Art of the sale

28 Sep


The image of the “starving artist” as a tortured soul who chooses to live in poverty to maintain the integrity of his artistic vision has long existed in popular culture. This perception visits upon the artist a bohemian lifestyle of eccentricity and excess during a lifetime of obscurity. And, of course, as anyone familiar with the life of impressionist Vincent van Gogh knows, the impoverished artist’s work gains acclaim and monetary value only after his death.

Many of today’s fine artists, however, have shed the cliched smock of the starving artist and repainted, resculpted and resketched their images and lives. Sixty percent of artists in the United States are self-employed, according to the U.S. Bureau of Labor Statistics, but that doesn’t mean they’re all living in squalor, surviving at subsistence levels by selling their souls one canvas or sculpture at a time.

“Only the most successful fine artists are able to support themselves solely through the sale of their works,” the bureau reports in its 2010-11 Occupational Outlook Handbook. “Most fine artists have at least one other job to support their art careers.”

Some artists supplement their income by taking secondary jobs that have nothing to do with art. Others hold art-related jobs, such as teaching privately or in schools, and a number are employed as curators at art museums or directors of publicly funded exhibitions. Still others go into the business of selling art as gallery owners, brokers or agents.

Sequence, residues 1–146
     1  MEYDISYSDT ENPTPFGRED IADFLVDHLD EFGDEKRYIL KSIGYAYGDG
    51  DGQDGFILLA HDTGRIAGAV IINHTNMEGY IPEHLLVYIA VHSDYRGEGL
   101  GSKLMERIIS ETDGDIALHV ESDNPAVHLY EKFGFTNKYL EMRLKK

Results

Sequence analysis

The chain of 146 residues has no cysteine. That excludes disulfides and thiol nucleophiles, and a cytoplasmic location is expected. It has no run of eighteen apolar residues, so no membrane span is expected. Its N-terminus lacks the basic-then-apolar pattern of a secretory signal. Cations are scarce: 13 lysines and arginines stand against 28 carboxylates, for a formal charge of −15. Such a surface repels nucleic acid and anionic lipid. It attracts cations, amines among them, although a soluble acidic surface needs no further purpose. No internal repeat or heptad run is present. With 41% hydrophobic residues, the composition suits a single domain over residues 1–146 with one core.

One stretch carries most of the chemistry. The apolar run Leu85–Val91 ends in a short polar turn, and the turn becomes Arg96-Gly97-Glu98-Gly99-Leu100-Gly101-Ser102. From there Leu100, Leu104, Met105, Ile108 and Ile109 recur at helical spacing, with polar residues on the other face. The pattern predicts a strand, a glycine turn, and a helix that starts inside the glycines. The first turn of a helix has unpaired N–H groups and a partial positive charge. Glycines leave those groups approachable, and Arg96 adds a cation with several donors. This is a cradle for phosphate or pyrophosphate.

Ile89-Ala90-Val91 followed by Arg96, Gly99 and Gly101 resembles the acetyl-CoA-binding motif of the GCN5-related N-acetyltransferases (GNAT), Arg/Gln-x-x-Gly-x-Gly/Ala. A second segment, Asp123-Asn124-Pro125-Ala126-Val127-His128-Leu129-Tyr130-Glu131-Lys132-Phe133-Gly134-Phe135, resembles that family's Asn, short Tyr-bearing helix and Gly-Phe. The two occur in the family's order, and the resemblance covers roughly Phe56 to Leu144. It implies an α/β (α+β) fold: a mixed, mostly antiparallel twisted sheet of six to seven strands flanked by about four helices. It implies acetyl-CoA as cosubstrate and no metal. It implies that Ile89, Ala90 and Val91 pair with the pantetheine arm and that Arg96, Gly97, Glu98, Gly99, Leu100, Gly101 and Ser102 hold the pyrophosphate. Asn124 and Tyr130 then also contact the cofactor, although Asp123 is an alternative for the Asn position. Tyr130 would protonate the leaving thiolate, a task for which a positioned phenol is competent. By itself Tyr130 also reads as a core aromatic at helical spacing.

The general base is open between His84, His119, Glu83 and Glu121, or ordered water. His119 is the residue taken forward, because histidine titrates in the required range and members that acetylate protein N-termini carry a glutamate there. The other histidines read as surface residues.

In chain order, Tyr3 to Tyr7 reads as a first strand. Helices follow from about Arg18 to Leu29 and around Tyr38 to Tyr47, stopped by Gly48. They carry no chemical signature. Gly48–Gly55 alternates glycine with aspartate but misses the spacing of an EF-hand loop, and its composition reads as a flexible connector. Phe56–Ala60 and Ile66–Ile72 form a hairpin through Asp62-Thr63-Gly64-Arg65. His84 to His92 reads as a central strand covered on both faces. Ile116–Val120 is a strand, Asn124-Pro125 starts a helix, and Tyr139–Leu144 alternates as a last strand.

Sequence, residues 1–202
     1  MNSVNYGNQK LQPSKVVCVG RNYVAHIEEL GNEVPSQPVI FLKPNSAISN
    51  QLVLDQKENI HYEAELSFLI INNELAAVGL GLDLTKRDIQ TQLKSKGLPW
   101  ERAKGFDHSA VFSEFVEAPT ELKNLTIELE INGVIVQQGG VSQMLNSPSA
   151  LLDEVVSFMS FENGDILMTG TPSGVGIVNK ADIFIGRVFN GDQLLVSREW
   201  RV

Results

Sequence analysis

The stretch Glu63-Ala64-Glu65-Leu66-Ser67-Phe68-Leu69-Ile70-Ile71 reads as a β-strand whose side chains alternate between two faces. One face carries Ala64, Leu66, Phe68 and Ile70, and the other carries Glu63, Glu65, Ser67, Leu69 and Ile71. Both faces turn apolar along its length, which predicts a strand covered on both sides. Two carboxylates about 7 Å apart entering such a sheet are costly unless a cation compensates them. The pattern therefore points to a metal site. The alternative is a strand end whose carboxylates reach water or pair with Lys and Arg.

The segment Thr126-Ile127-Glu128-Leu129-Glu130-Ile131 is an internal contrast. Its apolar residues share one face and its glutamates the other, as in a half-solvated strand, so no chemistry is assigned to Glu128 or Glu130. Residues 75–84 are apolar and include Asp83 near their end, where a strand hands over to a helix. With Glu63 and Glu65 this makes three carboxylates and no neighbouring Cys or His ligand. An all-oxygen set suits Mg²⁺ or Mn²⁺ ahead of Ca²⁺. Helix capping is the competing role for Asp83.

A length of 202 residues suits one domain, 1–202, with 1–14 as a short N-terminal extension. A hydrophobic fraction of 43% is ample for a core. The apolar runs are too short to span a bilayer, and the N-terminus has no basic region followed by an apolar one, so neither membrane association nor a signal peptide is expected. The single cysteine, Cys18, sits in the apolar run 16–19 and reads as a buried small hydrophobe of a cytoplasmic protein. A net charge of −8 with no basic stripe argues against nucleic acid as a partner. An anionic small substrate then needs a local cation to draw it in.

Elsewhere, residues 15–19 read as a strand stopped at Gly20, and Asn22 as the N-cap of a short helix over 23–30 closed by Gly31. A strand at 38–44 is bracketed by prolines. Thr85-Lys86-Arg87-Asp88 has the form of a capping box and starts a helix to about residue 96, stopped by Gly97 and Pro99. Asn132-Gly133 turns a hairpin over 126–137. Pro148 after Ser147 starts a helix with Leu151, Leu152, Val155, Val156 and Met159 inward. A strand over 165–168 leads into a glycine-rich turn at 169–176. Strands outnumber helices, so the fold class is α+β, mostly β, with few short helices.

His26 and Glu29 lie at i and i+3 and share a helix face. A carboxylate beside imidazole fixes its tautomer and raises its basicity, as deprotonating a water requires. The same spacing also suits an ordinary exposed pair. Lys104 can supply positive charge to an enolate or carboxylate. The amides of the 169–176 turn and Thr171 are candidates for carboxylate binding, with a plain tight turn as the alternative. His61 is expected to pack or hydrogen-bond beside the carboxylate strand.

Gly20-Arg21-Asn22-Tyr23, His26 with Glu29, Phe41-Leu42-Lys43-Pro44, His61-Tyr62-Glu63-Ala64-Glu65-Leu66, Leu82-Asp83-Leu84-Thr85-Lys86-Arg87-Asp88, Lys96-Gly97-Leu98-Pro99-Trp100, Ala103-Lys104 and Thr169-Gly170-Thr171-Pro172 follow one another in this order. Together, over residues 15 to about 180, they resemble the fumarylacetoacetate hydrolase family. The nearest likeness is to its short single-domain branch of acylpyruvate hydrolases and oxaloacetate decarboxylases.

“THAT WHOLE TORTURED ARTIST THING does not work for me,” says Renee Williams, owner of Gallery 26 in the Hillcrest area of Little Rock. “I find that the happier I am, the more I end up creating. In fact, I have to stop myself from making stuff.”

Williams, a painter and jewelry maker, sells works of other artists, as well as her own, in the storefront she opened in 1995. Her art business has its own sideline, a framing workshop that accounts for about half of her revenue. When she set up shop, the framing enterprise was to be the sole business. “That was the plan anyway,” she recalls. “But then we found we had enough room for display space so we decided to open a gallery, too.”


Renee Williams and artist Delita Pinchback Martin before Martin’s opening event at Gallery 26.

Williams and other central Arkansas artist/gallery owners say, whether by intention or happenstance, they’ve found being in the business of selling art is a natural for them. They enjoy discovering and nurturing local artists, as well as introducing artists from other states and nations to Arkansas art lovers. They say having primary income not dependent upon selling their art frees them to pursue their creative proclivities without the pressure of those pursuits being their livelihood. None believe, as some might claim, that they’ve “sold out” or compromised their artistic integrity in any way by entering into the business side of art.